Selection Criteria

Steve Emtman Exemption (Too Injured To Play)

SORRY, WRONG PICTURE. THIS ONE BETTER REFLECTS THE NFL CAREER OF STEVE EMTMAN

steve emtman 1992_10_25

Synopsis: As a #1 overall pick with a disappointing NFL career, Steve Emtman often gets mentioned as an all-time bust. I can’t refute the first part of that sentence, but the second part ignores the impact that injuries had on his career. In particular, Emtman suffered season-ending injuries in each of his first three years in the league. The 1991 Lombardi Award winner clearly didn’t live up to his potential, but I can’t justify calling him a bust. In this post, I establish the Steve Emtman Exemption as an Top 10 Bust exclusion for injured players. Furthermore, I discuss the use of it for oft-injured teammate Trev Alberts. 


STEVE EMTMAN EXEMPTION

When determining potential Top 10 Busts, I developed the following criteria as a way to eliminate less deserving candidates.

  1. The player needs to have been a top 10 overall draft pick (aka The Brady Quinn Exemption).
  2. The player needs to have been a bona fide superstar coming out of college (aka The Troy Williamson Exemption).
  3. The player’s on-field performance needs to have been really, really bad (aka The Tony Mandarich Exemption).
  4. The player’s unproductive career cannot have been the result of an injury (aka The Steve Emtman Exemption).
  5. The player needs to have received a fair chance to compete on the field (aka The Rich Campbell Exemption)

In this post, I establish the fourth criterion by detailing the injury-plagued careers of Steve Emtman and Trev Alberts. Of note, the exemption could have been named after either player, but Emtman came first so he “earned” the naming rights.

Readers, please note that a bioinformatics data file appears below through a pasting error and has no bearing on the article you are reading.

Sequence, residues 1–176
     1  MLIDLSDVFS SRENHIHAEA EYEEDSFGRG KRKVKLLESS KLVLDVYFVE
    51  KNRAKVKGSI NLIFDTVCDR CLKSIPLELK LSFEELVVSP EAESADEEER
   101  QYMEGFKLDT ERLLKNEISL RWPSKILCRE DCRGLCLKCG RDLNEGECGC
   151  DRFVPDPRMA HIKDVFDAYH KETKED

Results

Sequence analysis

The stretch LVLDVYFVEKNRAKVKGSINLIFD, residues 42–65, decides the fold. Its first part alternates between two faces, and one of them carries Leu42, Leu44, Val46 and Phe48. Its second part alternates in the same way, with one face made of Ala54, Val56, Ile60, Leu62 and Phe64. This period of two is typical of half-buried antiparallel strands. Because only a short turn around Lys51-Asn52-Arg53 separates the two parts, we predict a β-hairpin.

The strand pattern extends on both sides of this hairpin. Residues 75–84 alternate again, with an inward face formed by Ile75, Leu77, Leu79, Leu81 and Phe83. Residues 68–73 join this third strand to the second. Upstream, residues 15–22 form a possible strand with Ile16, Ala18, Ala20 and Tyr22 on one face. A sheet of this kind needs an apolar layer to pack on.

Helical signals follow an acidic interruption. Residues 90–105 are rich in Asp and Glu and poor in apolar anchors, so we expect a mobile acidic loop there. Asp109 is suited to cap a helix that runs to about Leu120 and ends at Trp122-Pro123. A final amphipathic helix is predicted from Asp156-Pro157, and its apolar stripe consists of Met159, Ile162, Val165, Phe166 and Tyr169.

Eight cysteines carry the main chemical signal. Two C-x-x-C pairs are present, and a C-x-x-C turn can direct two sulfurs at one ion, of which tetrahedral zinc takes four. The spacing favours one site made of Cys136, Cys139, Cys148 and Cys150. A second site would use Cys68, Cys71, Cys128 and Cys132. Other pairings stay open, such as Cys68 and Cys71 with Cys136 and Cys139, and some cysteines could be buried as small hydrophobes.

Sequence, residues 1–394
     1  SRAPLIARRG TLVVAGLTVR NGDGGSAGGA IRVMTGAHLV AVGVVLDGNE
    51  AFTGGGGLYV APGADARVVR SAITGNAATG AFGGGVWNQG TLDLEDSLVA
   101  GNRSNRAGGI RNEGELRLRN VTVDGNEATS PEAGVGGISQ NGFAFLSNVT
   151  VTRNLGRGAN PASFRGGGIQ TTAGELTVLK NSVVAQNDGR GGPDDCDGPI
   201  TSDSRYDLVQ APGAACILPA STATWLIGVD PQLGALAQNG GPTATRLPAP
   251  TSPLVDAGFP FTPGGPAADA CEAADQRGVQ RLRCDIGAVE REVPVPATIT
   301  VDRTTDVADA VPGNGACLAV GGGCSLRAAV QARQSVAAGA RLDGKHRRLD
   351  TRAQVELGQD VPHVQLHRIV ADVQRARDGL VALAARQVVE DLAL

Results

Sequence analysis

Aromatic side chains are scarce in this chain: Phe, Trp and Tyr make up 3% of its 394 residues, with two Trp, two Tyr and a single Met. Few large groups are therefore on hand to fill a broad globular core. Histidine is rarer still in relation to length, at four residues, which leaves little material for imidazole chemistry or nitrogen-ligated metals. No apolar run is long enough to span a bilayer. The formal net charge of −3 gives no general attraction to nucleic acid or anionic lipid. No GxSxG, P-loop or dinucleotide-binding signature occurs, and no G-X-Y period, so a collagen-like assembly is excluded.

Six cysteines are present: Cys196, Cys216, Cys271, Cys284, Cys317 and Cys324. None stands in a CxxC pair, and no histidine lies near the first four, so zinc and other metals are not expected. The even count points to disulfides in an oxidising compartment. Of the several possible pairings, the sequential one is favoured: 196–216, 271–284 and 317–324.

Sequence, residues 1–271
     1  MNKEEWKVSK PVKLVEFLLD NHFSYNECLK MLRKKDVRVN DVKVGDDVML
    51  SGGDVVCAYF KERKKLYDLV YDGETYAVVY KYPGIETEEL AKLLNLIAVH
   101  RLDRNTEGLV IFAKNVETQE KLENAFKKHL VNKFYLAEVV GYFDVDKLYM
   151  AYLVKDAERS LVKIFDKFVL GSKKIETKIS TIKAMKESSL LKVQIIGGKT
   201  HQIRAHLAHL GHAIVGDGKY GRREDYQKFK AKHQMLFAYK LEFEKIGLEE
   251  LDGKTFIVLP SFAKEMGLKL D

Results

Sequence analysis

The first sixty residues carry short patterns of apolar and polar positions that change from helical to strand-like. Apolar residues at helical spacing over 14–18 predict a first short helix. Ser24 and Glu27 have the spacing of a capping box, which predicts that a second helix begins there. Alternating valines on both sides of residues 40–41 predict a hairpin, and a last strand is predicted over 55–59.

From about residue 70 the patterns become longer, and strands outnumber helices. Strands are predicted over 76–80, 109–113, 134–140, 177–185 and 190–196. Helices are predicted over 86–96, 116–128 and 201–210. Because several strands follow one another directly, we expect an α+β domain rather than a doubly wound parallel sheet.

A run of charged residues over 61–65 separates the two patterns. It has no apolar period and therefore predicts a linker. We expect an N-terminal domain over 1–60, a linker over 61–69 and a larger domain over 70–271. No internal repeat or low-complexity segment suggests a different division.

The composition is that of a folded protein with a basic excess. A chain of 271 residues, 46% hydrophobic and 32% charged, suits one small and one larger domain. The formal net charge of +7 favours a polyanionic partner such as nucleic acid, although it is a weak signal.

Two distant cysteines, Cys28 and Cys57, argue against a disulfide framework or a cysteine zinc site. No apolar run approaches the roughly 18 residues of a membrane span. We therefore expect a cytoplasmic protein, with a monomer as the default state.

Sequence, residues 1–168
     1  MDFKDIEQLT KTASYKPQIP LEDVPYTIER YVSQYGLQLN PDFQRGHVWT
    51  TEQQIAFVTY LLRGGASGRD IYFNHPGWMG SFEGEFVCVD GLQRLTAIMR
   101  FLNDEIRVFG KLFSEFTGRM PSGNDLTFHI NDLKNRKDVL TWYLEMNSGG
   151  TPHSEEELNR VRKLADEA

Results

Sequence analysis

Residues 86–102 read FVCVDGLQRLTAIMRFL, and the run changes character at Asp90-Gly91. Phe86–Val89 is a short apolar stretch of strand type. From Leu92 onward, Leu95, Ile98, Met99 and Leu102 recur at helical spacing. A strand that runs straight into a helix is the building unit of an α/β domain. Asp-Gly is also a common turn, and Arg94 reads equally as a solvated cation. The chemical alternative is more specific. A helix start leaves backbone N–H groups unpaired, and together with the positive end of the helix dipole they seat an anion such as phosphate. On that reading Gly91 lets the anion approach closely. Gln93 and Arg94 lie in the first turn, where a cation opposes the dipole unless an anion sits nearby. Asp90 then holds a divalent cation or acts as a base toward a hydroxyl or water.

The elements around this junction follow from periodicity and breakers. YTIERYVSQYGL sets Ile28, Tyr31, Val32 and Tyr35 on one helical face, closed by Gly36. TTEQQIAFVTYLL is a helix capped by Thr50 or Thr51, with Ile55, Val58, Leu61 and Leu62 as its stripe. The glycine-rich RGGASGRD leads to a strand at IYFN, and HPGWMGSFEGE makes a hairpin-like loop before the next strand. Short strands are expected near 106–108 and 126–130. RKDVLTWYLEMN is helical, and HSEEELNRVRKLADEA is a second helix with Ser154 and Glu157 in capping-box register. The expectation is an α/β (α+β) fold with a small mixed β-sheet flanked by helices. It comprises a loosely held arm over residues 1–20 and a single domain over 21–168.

EXCELLENCE – THE COLLEGE YEARS

In the early 1990s, the Indianapolis Colts wasted two early first round draft picks on college superstars who never lived up to expectations.

  1. Steve Emtman
    • Selected first overall in the 1992 Draft after a stellar college career.
    • Consensus All-American for the University of Washington in 1991.
    • Won the 1991 Lombardi Award as the nation’s best lineman.
    • Won the 1991 Outland Trophy as the nation’s best interior lineman.
    • Finished 4th in voting for the Heisman Trophy (an especially high finish for a defensive player)
  2. Trev Alberts
    • Selected fifth overall in the 1994 Draft after a similarly stellar college career.
    • Consensus All-American for Nebraska in 1993.
    • Won 1993 Butkus Award and Lambert Trophy as the nation’s best college linebacker.
DISAPPOINTMENT – THE NFL YEARS

Despite these accolades, neither player lived up to the expectations that came with winning those awards. Instead, they performed poorly as as professionals.

  1. Steve Emtman
    • Career Weighted Average Value (WAV) of 13 during his seven-year NFL career.
    • Started 19 of 50 games in which he played.
    • Registered 121 tackles, eight sacks, three forced fumbles and three fumble recoveries.
    • Returned one interception for a touchdown.
    • WAV was roughly the same as a typical 5th round pick.
  2. Trev Alberts
    • Career WAV of four during a three-year NFL career.
    • Started seven of 29 games in which he played.
    • Registered 49 tackles, four sacks, three forced fumbles, and one interception.
    • WAV was less than half of what the average 7th rounder produces / lowest of all 1st round picks in the 1994 Draft.